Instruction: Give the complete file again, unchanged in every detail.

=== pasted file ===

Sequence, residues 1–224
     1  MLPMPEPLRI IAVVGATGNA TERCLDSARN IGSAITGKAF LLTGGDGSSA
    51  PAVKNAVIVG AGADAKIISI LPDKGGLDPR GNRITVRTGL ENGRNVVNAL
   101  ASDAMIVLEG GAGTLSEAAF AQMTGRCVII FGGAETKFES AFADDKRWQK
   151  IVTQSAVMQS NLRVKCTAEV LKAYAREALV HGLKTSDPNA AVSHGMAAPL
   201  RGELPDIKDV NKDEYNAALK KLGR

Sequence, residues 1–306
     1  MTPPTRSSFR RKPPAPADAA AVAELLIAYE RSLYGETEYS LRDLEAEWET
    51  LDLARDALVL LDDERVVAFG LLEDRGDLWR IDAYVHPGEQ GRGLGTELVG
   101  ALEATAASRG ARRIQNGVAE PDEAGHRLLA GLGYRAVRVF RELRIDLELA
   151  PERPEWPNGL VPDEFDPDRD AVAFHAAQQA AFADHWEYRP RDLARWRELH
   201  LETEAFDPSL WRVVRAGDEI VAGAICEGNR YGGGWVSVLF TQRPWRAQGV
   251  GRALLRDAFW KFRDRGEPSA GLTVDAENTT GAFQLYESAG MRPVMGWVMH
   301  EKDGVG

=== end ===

Sequence, residues 1–224
     1  MLPMPEPLRI IAVVGATGNA TERCLDSARN IGSAITGKAF LLTGGDGSSA
    51  PAVKNAVIVG AGADAKIISI LPDKGGLDPR GNRITVRTGL ENGRNVVNAL
   101  ASDAMIVLEG GAGTLSEAAF AQMTGRCVII FGGAETKFES AFADDKRWQK
   151  IVTQSAVMQS NLRVKCTAEV LKAYAREALV HGLKTSDPNA AVSHGMAAPL
   201  RGELPDIKDV NKDEYNAALK KLGR

Sequence, residues 1–306
     1  MTPPTRSSFR RKPPAPADAA AVAELLIAYE RSLYGETEYS LRDLEAEWET
    51  LDLARDALVL LDDERVVAFG LLEDRGDLWR IDAYVHPGEQ GRGLGTELVG
   101  ALEATAASRG ARRIQNGVAE PDEAGHRLLA GLGYRAVRVF RELRIDLELA
   151  PERPEWPNGL VPDEFDPDRD AVAFHAAQQA AFADHWEYRP RDLARWRELH
   201  LETEAFDPSL WRVVRAGDEI VAGAICEGNR YGGGWVSVLF TQRPWRAQGV
   251  GRALLRDAFW KFRDRGEPSA GLTVDAENTT GAFQLYESAG MRPVMGWVMH
   301  EKDGVG